Several researchers have made similar attempts in conducting numerical experiments to specific areas across the world involving emergency medical services. 20 focused on the allocation of ambulance vehicles to a set of existing or planned ambulance stations with known locations and alluded that the action to reduce response time due to pre-trip and queuing delays are far more easier and less costly to reduce than travel times. Pre-trip delays emanate from call delay or chute delay. A call delay is the time spent on taking a call, establishing the severity of the call and dispatching an ambulance crew. Chute delay is the time that elapses from when a crew is dispatched until the vehicle starts moving. Queuing delays occur when no ambulances are available either busy attending to other calls. The study indicated that reducing the travel times usually requires adding ambulance stations or hospitals which is costly as the municipality is currently financially under-resourced. They argued that reducing the response time by 20 seconds, is actually 20 seconds saved and it does not matter which component of response time these savings come from. The expectation is that reducing the response time has a huge bearing in improving service delivery, survival rates and patient satisfaction. 3 presented an almost similar research of an EMS problem which focused on ambulance station location and allocation problem which they referred to as the Maximum Expected Location Problem for Heterogeneous Regions (MEPLP-HR). Its main objective was to give the population of Sor-Trondelag County in Norway the best possible EMS according to a set of selected performance measures. They were able to demonstrate that as the response time decreases, there is corresponding increase in the probability of survival of a patient. They further demonstrated that as the service rate (calls/hour) increases, the probability of no available ambulance decreases. They were also able to demonstrate that as the arrival rate increases, the probability of no available ambulances increases as it translates to increase in demand for EMS provision.

Reference 4 applied the simulation optimisation framework for ambulance deployment and relocation to the city of Shanghai in China. In their case, they also carried out some numerical experiments to determine the influence of parameters on the response time and the ambulance deployment plan. They were able to observe that the number of ambulances, the number of ambulance bases, and the number of hospitals had an impact on the average response time. An important contribution of this paper is to demonstrate on how to integrate forecasting, simulation and optimisation techniques for ambulance deployment in a heterogeneous region under multiple performance measures. We conduct simulation modelling and experiments in which multiple performance measures (average response time, total duration of a call in system, number of calls in response queue, average queuing time, throughput ratios and ambulance utilisation levels) and different objectives (minimising average response time, minimising average queuing time and maximizing throughput ratios) are simultaneously conducted.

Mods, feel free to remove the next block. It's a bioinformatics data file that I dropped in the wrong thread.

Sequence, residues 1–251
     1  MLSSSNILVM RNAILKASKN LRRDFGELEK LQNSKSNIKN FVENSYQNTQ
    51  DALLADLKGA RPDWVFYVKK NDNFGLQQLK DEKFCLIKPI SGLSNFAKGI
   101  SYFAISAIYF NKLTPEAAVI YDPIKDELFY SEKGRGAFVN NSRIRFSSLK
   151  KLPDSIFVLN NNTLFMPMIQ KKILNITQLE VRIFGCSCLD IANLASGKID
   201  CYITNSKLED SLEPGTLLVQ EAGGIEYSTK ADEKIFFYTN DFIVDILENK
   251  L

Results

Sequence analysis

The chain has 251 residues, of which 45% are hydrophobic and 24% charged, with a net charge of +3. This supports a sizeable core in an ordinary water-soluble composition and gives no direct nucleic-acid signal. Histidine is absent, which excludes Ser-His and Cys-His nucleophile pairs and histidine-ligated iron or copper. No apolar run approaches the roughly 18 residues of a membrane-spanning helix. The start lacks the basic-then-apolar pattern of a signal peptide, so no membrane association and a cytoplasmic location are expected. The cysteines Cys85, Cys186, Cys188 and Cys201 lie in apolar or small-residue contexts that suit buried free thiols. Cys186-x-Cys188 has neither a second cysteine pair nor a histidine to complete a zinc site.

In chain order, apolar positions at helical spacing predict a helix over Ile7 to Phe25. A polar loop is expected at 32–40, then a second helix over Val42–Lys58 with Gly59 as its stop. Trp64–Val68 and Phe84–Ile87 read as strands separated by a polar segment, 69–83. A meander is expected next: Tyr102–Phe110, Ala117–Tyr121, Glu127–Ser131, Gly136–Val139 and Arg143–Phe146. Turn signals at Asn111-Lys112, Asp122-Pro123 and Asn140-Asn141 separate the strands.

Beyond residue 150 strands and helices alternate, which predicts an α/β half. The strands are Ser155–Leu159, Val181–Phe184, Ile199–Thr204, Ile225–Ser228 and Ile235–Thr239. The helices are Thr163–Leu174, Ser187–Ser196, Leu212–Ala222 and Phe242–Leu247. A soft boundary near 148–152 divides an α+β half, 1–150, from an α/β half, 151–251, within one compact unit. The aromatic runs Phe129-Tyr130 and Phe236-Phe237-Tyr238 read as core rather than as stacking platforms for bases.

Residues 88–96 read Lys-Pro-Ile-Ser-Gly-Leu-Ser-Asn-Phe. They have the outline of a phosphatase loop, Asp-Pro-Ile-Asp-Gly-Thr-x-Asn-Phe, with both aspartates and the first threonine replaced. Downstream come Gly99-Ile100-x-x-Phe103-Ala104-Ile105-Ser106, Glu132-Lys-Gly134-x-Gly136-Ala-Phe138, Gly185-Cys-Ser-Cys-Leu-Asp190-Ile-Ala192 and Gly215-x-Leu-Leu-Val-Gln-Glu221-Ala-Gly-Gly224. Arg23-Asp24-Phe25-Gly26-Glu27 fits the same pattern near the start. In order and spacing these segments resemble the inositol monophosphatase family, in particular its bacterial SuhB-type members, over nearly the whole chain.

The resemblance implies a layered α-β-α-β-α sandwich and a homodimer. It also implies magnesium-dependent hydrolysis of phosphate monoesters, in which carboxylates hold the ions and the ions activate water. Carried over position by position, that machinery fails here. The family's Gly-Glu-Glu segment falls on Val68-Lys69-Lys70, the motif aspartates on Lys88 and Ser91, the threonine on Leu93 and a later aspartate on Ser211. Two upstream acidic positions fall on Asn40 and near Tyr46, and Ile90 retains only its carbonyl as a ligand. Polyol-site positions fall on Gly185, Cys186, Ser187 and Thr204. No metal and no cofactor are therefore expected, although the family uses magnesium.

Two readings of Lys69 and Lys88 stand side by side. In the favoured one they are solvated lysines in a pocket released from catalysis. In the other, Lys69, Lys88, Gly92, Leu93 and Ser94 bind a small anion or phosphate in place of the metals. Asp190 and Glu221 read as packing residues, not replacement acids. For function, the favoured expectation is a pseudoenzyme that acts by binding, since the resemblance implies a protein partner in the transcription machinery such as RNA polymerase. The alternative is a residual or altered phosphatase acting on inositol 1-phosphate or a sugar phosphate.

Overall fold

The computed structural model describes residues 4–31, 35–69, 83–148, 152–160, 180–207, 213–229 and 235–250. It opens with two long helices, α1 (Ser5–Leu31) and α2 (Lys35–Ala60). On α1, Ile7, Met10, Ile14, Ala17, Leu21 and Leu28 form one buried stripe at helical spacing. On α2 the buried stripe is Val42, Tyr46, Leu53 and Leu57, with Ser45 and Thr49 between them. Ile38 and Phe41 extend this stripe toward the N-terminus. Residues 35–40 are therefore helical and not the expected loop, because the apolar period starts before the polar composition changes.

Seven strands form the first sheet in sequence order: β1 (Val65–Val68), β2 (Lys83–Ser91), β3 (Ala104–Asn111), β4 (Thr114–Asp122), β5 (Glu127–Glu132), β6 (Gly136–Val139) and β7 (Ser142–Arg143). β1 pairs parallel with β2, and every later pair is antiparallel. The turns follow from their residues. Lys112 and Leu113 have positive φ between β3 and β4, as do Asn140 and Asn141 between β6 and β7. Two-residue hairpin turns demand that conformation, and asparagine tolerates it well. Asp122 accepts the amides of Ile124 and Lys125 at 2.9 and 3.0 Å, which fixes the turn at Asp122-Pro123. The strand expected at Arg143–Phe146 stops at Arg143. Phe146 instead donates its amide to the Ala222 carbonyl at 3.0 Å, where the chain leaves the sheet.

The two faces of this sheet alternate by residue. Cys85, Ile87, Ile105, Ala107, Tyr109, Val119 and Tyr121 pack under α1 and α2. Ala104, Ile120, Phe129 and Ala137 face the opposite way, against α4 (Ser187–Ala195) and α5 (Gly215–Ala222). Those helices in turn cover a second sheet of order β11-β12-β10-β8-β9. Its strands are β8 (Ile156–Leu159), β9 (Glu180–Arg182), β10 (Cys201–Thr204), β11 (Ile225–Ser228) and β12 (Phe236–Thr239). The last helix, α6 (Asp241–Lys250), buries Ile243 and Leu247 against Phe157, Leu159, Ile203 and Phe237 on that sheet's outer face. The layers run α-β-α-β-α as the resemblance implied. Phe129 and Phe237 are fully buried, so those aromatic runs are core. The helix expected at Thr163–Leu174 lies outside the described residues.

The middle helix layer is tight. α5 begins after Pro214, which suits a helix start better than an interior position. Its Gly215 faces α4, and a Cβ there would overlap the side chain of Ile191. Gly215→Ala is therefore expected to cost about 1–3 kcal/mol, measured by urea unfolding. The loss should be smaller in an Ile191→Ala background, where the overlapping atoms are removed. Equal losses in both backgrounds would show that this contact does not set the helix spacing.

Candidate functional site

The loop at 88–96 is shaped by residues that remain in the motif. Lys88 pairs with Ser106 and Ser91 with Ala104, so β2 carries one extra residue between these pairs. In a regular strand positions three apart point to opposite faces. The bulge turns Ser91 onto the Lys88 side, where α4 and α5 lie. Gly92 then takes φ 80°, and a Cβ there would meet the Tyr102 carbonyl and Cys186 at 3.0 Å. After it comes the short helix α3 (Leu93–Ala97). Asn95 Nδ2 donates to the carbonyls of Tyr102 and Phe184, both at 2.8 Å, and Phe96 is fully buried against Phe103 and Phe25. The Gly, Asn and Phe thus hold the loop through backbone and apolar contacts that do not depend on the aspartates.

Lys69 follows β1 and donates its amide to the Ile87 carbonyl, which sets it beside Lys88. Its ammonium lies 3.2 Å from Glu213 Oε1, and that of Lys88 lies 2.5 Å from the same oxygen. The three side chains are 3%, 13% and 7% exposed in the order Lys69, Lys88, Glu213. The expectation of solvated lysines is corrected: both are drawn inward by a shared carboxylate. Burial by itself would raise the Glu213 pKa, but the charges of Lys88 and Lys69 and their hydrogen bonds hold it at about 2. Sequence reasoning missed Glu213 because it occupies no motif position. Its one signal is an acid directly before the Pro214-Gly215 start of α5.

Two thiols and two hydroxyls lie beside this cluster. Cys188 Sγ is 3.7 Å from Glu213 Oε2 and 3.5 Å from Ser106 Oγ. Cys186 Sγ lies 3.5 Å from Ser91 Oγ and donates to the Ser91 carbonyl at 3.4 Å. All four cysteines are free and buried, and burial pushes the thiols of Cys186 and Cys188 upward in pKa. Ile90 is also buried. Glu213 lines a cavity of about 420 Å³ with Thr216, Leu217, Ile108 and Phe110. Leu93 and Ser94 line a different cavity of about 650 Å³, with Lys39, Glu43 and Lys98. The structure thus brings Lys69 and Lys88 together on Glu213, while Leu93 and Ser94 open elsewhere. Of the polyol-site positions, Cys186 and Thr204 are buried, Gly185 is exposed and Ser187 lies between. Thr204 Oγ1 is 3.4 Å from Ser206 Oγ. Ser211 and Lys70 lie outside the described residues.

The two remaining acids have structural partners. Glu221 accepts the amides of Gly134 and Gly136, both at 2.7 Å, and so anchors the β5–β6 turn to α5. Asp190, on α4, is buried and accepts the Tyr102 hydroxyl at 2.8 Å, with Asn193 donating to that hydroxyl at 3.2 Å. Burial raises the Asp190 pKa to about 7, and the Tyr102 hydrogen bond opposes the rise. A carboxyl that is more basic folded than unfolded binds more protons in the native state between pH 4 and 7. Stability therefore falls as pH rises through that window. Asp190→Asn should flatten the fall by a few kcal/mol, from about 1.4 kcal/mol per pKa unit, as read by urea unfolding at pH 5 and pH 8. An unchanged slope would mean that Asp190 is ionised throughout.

2. Materials and methods

In this section, sources of data, univariate time series analysis model using artificial network, simulation and optimisation techniques are discussed in detail.

2.1. Model Input Data

Historical data of public emergency ambulance demand for the Bulawayo Emergency Medical Services (BEMS) January 2010 to December 2018, were retrieved from the archives for purpose of developing forecasting and simulation models. The flowchart of the methodology is presented in Figure 1.

2.2. Feed-Forward Neural Networks

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The feed-forward neural network (FFNN) architecture was trained by the neuralnet function of the R- package, which is a network training function that updates weights and bias values during training. The network is called feed forward because information flows only from the input layer to the output layer without recurrent or backward connections. Each layer consists of neurons and there is no connection between neurons that are in the same layer. The data splitting approach was adopted in order to develop and validate the feed-forward neural network. Data from January 2010 to December 2017 was used for model building and the data for the year 2018 was used for model cross-validation. This translates to 96 observations for model building and 12 observations for model cross-validation.